Should User Experience Designers Be Aware of Psychology?
Products are built by people for people. To do it right, UX designers must have a genuine interest in human psychology – to understand the emotions and motivations behind users’ actions. Only then you are able to create products, which perfectly resonate with the target audience. Without this knowledge, it’s like shooting in the dark – high chances are, you’ll miss your target.
In this piece, we’re going to focus on the question – should user experience designers be aware of human psychology? We’ll discuss the psychology principles you should be aware of and how you can apply them to your design process.
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Is UX design related to psychology?
Psychology and user experience are inseparable. You cannot design products that will appeal to your target audience without diving into human psychology – at least on a basic level. Otherwise, how will you know how to influence their decisions and resolve their problems?
If you’re a designer, then high chances are you’ve heard the term “design psychology”. It’s a combination of the following:
- Cognitive psychology
- Social psychology
- And human-computer interaction.
By wrapping your head around these branches of psychology dedicated to human thinking, you’ll be able to view the design process through a more human lens.
In other words, you’ll be capable of implementing mechanisms that will drive specific responses and actions from your users into your products.
4 UX Psychology Factors Designers Need to Know
At UXPin, we’ve noticed that plenty of sources online reduce the role of psychology in design to ‘studying behavior’. However, it’s far beyond that. It’s a complex process, which circles around analyzing the user’s emotions, attention, cognition, and perception levels. Of these four criteria, the last two should be studied particularly well by designers.
In this section, we’re going to discuss all four UX psychology factors and how you can make them play out in your digital product’s favor.
Have you ever stepped into a store to buy yogurt, only to stare blankly at the fridge, overwhelmed with the choice? This is a prime example of Miller’s law. In a nutshell, people struggle to compare multiple options against one another due to cognitive limitations.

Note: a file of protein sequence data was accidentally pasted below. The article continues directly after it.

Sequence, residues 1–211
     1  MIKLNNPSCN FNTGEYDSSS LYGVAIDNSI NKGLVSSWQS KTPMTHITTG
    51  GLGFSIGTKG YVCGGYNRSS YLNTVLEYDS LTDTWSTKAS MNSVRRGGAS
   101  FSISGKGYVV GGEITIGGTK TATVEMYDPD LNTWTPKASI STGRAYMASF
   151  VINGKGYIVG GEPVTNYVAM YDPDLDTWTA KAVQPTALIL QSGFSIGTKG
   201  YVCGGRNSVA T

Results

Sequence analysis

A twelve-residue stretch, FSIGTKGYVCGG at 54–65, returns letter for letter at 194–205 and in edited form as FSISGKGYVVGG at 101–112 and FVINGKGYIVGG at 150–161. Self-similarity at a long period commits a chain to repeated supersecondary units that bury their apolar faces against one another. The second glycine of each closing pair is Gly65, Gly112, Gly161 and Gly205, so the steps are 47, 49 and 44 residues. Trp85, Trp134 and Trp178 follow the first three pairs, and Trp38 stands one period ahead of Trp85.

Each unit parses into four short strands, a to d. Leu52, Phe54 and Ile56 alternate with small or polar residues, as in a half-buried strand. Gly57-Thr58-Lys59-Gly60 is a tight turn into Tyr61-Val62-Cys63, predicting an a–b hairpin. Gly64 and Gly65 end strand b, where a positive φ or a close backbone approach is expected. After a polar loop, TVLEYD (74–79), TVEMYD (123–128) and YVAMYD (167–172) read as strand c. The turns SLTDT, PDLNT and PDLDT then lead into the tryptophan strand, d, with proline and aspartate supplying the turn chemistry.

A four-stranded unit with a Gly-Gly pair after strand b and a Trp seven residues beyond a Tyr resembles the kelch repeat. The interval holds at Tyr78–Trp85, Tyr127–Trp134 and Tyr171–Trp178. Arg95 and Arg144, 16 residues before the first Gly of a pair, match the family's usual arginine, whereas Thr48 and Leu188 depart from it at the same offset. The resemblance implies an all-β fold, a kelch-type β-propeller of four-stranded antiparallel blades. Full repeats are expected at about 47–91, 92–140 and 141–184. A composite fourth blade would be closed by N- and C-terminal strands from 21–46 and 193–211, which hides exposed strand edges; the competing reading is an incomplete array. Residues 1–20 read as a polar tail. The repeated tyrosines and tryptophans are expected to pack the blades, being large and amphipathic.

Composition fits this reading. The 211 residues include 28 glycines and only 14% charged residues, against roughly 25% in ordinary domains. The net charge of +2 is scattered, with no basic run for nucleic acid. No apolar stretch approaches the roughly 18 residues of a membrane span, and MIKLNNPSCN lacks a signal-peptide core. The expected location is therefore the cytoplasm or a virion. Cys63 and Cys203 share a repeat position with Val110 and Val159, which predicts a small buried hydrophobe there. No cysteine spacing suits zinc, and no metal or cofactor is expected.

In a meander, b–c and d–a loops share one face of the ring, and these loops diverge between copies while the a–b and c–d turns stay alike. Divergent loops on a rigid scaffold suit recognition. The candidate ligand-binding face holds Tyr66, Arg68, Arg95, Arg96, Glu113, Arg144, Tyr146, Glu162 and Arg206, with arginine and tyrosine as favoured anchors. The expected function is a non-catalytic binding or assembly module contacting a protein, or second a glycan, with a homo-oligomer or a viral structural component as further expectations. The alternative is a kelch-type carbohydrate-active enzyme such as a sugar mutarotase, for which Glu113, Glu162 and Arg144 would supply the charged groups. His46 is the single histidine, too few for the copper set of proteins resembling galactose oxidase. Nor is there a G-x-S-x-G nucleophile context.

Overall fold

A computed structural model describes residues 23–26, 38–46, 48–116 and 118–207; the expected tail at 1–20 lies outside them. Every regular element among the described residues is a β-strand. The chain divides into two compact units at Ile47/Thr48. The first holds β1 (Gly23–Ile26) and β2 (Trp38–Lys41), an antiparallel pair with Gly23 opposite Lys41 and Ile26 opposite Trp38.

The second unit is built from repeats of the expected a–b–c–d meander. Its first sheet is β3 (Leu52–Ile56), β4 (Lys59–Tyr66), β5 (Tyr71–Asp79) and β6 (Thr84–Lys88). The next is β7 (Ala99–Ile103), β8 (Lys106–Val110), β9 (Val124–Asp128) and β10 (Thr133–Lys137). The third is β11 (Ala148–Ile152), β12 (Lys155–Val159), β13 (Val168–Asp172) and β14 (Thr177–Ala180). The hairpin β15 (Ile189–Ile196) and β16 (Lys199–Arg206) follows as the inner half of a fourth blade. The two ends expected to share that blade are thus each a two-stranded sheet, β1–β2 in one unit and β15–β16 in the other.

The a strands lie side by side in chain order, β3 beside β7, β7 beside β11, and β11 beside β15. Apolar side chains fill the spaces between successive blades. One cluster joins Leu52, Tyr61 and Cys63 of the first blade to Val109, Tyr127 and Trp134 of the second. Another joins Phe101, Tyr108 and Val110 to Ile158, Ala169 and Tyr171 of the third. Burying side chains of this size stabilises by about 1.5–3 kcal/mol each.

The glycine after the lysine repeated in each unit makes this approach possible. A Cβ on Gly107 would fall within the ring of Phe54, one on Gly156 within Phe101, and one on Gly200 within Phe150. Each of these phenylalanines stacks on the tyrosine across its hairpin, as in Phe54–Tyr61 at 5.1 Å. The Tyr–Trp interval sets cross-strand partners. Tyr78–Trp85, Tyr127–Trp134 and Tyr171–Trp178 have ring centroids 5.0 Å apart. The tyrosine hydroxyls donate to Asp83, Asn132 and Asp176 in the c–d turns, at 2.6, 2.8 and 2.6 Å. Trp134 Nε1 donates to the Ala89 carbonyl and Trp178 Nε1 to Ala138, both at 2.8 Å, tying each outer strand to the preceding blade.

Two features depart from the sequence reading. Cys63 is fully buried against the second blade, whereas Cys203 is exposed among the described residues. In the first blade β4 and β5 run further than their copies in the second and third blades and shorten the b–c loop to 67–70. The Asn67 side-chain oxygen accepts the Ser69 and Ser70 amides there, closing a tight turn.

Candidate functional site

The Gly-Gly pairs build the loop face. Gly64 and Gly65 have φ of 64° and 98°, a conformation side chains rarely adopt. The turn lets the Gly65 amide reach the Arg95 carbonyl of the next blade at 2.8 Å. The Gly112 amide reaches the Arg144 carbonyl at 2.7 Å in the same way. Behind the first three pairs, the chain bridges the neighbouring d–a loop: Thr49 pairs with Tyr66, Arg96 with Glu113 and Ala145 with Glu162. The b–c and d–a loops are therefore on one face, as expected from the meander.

The average person can simultaneously process anywhere between five to nine options. Anything above this threshold either makes us pause our actions or withdraw from them altogether. The same is likely to happen to your users if you clutter too much information on your website or app.
To tackle this UX psychology challenge, it’s best to distribute information over multiple, progressive screens. For example, if you operate an online store, show no more than nine products per page. If it isn’t possible, then try to group them into categories to ease navigation.
The same rules apply when designing entire user journeys. If you’re creating, say, an in-app onboarding sequence, break it down into smaller chunks, and show a progress bar at the top.
Here’s a great example from WordPress:
Perception kicks in as soon as a person comes across your brand name or logo for the first time, and stays with them in all interactions with your website and services. It’s a mixture of opinions and emotions that your product triggers in them, and is subject to change over time.
So, what contributes to how users perceive digital products? The Interaction Design Foundation points to several Gestalt principles. While discussing all of them in depth would be beyond the scope of this piece, designers should particularly consider the following:
- Proximity – users tend to think that elements placed close to one another in an interface are part of a group, i.e., there’s a relation among them.
- Similarity – people believe that similar elements are related to one another, even if they’re dispersed on a screen miscellaneously. What we see as ‘similar’ can be based on shape, color, or size.
- Closure – the human brain tends to imagine lines and links between shapes if it helps us see a pattern. Look at the famous Champions League logo below. Even though the stars aren’t linked on the outer edges, we clearly see a star-shaped football.
To learn more about the role of perception in design, grab our free eBook on Web UI design for the Human eye.
There is a statistic circling the internet that the average human’s attention span is just 8.25 seconds, which would put us behind goldfish (9 seconds). This number has rung alarm bells among psychology scholars. While the goldfish analogy has luckily been debunked, it’s true that our attention has worsened when compared to the pre-personal tech era.
There are two things that can disrupt your user’s journey. Firstly, they can get distracted by their own thoughts or physical surroundings. Secondly, they can be deliberately interrupted by other apps competing for their time – for example, via push notifications.
Here’s how to tackle this while designing your website or product: